freshly grated parmesan

Bring a large pot of water to boil. (A pot with a pasta insert works particularly well for fragile stuffed pastas.)  Generously salt the water. 

Carefully add about 20 ravioli* to the pot and cook until desired tenderness is reached.  (Cooking times will vary.  Start with 5 minutes.  Remove a raviolo and test a small corner for doneness at 5 minutes and every minute or 2 after that until pasta is al dente).  To drain, either lift pasta insert or remove ravioli with a slotted spoon or mesh strainer.

While the pasta cooks, melt butter in a large skillet over medium heat.  Once butter is melted, add sage and fry until sage is crispy and butter is browned.  Season to taste with salt and pepper.  (At this point, you could also add cream to the sauce, but the butter and sage are excellent on their own.)

Arrange drained ravioli on two plates.  Top with browned butter and garnish with sage leaves, freshly grated pepper and parmesan. 
IMG_8229  IMG_8245

Serve immediately.

*8-10 of these ravioli are usually plenty for one person as a main course.  The recipe makes about 50.  The remaining ravioli can be stored in the refrigerator (layer with flour and waxed paper in a sealed container) for a few days or frozen for several months.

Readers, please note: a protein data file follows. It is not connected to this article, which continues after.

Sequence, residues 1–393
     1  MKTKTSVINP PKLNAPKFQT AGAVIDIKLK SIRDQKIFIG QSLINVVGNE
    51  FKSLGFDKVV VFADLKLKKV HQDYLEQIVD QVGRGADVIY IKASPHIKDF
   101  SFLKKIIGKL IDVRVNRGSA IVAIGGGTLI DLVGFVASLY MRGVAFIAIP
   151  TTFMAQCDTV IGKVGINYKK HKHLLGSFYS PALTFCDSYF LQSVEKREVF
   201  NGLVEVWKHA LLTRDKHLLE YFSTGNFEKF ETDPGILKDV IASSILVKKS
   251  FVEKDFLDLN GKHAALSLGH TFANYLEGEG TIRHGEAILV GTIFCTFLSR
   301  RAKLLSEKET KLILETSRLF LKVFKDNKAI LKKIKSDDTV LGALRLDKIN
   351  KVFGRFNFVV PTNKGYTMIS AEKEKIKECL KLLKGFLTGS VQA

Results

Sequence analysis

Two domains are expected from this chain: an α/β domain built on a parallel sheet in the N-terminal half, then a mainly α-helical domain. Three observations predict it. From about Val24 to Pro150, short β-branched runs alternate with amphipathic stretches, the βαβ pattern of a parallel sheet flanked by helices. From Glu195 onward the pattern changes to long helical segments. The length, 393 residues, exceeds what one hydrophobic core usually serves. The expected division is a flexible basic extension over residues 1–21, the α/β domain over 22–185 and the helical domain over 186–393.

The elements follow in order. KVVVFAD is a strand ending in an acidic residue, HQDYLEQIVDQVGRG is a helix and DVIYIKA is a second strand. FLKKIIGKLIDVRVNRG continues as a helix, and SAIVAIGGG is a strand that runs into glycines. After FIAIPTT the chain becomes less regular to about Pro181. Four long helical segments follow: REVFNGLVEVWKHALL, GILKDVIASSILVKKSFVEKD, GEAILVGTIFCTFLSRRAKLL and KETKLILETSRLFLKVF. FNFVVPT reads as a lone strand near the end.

Francescangeli said...

Hi Elizabeth! I am so excited to get started on making pasta from scratch! And this looks wonderful! I received an Atlas Marcato pasta maker and I have yet to use it. Aunt Sara gave me one of her pasta cookbooks, but I wanted to see if you had any pasta recipes that you prefer. Is the ravioli recipe above good for all pastas? Or do you alter it for different types? Love you and miss you!

(I forgot to write who I was... this is Natalie. Love you!)

Elizabeth said...

Hi Natalie! The Atlas Marcato looks great! I am so excited for you to start making pasta from scratch! It's one of my favorite things to do, and the pasta is so much better than anything else.

In theory, the recipe above works for most any pasta shape, but actually I've recently figured out a new one that I like better. The steps are all the same, but instead of 2.75 cups flour to 3 eggs, I use 3 cups flour and 4 eggs. The higher egg ratio makes the pasta slightly richer and improves the texture. I've been working on a new "handmade pasta" post that I am planning to finish this week -- so be on the lookout for it! Love and miss you too!